according to the prosecution on 05.10.2003, in the evening at

about 4.00 p.m. when the prosecutrix (PW1) was alone in her

house, the appellant entered the house and after holding the

prosecutrix in a tight embrace, removed her clothes and

committed the act of forcible sexual intercourse with her. At that

time, father of the prosecutrix i.e. Babarao Tayade (PW5) entered

the house and caught the appellant red handed in the act of

committing sexual intercourse with his daughter i.e. the

prosecutrix. The said witness Babarao (PW5) slapped the

appellant twice, upon which the appellant fled away. According to

the prosecution, Babarao (PW5) then came to know from the

prosecutrix about the details of the incident and he left for Akola

to fetch the mother of the prosecutrix before proceeding to

approach the police. It is relevant that the appellant was related

to the prosecutrix and he was her maternal uncle. It has come on

record that Babarao (PW5) returned from Akola with his wife in

the evening on 05.10.2003 and, thereafter, in the morning on

06.10.2003, they took the prosecutrix to the police station to lodge

complaint in respect of the said incident.

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7. On the oral report lodged by the prosecutrix, First

Information Report (FIR) was registered on 06.10.2003 at 12.45

p.m. and an offence under Section 376 of the IPC was registered

against the appellant. The prosecutrix (PW1) was sent for medical

examination. Her clothes were seized and they were sent for

chemical analysis. The investigating officer Govind Hirekar (PW6)

took up the investigation. It was found that the school leaving

certificate and certificate issued by the Gram Panchayat showed

that the date of birth of the prosecutrix was 17.06.1988 and that

she was less than 16 years old at the time of the incident. Govind

(PW6), the investigating officer recorded the statement of

witnesses and on the basis of the evidence and material on record,

he submitted charge-sheet against the appellant. On being

charged for the aforesaid offence, trial against the appellant

proceeded. The prosecution examined six witnesses in support of

its case. PW1 was prosecutrix herself, PW2 was Dr. Kiran

Deshmukh, who opined regarding the age of prosecutrix based on

radiological test, PW3 Dr. Sheetal Mehta was the doctor who

medically examined the prosecutrix after registration of the FIR,

PW4 Ramrao Chotmal was the pancha witness for seizure of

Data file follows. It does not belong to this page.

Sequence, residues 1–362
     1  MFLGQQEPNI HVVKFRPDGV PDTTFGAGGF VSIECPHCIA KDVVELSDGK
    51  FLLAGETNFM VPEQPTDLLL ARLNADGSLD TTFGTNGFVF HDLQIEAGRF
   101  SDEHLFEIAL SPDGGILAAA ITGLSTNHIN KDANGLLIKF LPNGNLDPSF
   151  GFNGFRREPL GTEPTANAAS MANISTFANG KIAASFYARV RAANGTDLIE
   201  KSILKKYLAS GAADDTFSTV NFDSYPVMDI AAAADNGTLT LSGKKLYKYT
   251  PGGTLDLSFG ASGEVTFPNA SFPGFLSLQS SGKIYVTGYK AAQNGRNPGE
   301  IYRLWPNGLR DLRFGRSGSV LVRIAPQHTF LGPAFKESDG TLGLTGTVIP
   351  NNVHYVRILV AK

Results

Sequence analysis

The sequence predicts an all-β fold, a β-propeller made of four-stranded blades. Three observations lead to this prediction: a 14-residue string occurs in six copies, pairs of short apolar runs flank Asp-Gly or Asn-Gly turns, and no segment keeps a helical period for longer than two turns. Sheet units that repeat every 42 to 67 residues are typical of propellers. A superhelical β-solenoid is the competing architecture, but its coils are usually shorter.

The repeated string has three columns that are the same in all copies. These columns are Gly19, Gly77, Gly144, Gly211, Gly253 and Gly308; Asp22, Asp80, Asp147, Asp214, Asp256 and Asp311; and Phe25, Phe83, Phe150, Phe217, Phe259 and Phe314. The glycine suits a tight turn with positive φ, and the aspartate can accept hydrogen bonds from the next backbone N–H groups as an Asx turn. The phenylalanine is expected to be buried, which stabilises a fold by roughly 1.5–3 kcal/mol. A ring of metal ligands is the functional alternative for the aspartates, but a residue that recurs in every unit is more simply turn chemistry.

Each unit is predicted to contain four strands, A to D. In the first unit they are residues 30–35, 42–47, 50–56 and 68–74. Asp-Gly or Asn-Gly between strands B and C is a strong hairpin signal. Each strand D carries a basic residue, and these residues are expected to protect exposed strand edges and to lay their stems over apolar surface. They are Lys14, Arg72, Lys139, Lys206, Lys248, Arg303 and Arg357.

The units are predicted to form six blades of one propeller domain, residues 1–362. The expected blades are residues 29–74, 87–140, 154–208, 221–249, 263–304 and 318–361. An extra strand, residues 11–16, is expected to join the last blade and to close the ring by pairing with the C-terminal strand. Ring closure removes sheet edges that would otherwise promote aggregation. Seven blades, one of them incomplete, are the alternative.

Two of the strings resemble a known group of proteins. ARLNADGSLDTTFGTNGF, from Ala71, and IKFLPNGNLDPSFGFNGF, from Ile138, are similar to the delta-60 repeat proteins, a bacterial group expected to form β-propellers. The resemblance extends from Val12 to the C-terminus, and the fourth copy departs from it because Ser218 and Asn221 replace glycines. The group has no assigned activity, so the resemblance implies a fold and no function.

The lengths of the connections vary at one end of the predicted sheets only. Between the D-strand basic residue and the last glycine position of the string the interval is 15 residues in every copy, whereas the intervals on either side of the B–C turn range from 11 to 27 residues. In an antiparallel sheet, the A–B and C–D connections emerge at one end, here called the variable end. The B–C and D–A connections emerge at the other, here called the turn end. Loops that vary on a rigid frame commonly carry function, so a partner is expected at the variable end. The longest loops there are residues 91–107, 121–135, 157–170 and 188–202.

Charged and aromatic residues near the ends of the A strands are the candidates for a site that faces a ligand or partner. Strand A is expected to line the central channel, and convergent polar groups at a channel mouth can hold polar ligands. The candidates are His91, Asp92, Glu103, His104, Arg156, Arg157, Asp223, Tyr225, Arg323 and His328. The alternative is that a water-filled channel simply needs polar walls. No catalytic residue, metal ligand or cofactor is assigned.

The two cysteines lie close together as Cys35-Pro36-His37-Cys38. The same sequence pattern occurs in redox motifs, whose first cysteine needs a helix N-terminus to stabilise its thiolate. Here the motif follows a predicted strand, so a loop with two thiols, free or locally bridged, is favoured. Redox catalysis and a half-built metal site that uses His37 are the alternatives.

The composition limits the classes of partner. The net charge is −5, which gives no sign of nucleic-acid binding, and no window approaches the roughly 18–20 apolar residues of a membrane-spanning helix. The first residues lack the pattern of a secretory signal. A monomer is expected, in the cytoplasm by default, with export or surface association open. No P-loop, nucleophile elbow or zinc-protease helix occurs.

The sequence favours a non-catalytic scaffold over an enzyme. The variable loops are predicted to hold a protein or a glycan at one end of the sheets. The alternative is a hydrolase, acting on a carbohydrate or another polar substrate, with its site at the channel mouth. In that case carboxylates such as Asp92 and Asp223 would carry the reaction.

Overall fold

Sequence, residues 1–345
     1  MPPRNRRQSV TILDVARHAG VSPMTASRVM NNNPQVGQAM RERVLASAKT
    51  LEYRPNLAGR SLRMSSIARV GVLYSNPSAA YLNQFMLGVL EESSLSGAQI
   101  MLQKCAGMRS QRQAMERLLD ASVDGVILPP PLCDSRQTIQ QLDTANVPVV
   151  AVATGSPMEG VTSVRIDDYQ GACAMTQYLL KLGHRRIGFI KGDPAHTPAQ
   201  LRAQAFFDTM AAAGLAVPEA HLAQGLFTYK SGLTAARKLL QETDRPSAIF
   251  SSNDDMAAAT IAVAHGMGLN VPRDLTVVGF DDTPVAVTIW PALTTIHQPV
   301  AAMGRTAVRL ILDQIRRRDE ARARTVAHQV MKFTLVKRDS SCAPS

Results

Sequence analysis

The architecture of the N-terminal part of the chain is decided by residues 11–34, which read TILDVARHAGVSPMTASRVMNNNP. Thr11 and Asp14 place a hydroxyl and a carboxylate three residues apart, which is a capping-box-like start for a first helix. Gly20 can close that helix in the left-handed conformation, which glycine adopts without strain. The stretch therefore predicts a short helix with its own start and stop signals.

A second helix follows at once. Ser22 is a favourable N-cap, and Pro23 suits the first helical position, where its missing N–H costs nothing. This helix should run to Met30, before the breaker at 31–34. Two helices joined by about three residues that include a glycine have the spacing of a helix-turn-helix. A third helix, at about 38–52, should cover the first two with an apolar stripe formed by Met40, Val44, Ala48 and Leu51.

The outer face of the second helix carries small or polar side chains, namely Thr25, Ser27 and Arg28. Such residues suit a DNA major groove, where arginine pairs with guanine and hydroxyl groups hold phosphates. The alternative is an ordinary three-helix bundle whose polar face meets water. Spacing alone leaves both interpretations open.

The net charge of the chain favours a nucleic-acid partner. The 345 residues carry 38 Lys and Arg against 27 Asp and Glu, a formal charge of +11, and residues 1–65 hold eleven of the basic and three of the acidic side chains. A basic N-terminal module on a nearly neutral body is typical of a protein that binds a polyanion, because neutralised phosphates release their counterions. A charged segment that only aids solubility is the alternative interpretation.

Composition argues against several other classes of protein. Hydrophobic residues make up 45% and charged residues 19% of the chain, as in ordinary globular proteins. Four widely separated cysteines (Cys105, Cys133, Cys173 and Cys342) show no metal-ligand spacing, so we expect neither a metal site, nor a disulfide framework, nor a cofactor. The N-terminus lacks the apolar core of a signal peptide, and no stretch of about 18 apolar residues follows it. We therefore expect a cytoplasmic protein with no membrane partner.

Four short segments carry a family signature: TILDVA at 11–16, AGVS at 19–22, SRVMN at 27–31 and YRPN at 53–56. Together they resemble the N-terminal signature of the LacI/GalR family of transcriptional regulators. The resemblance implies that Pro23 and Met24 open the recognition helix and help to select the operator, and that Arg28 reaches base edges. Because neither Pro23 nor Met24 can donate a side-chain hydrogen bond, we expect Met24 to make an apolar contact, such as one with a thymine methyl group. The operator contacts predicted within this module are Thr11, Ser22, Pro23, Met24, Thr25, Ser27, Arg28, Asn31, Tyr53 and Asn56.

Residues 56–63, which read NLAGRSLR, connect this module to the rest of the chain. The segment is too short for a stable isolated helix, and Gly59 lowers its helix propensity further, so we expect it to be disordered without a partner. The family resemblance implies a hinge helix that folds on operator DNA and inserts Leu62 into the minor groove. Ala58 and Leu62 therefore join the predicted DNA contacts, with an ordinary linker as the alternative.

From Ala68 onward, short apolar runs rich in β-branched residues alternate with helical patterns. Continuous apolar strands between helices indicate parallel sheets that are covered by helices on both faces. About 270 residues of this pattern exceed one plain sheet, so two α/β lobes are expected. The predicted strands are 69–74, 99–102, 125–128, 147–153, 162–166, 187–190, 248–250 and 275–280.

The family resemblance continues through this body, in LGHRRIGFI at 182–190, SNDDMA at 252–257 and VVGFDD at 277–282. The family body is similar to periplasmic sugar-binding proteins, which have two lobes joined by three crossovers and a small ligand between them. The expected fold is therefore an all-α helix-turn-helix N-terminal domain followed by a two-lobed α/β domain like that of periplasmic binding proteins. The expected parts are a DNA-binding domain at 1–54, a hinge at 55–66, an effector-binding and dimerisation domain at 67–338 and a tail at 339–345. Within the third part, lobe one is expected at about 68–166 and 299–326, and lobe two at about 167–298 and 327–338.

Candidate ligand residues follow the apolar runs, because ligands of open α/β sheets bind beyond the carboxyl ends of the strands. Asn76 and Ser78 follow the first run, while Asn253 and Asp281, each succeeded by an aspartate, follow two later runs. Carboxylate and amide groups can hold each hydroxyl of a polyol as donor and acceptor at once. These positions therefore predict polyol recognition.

clothes of the prosecutrix, PW5 Babarao Tayade was father of

prosecutrix and PW6 Govind was the investigating officer.

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8. The appellant examined one defence witness Surekha

Gavai as DW1, in order to demonstrate that the prosecutrix was

having illicit relations with the husband of said witness, perhaps,

in order to cast aspersions on the character of the prosecutrix.

9. Record shows that school leaving certificate, Exh.-27,

and certificate from Gram Panchayat, Exh.-28, were brought on

record by the prosecution. Both documents were showing date of

birth of the prosecutrix as 17.06.1988. The prosecutrix (PW1) in

her evidence also stated that her date of birth was indeed

17.06.1988, thereby showing that she was less than 16 years on

05.10.2003, when the incident took place. On the basis of the

evidence available on record, the trial Court found that the

prosecution had proved its case beyond reasonable doubt against

the appellant and on that basis, the trial Court convicted and

sentenced the appellant under Sections 376 and 448 of the IPC.

10. Perused the entire record of the case and the impugned

judgment and order passed by the trial Court. The learned A.P.P.

assisted this Court in perusing the oral and documentary evidence

on record, including the evidence of the defence witness, on which

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the reliance was placed on behalf of the appellant in the trial

Court.

11. The evidence of the prosecutrix (PW1) in the present

case shows that she stated in detail about the manner in which the

incident took place on 05.10.2003 in the evening. She also stated

specifically that her date of birth was 17.06.1988 and that the

contents of school leaving certificate and certificate issued by the

Gram Panchayat, were true and correct. It is significant that the

prosecutrix (PW1) has not been cross-examined on the aforesaid

assertion made by her in respect of her date of birth. There were

suggestions given on behalf of the appellant to the effect that there

was some dispute between the father of the appellant and relatives

of the prosecutrix (PW1), which were denied by her in the cross-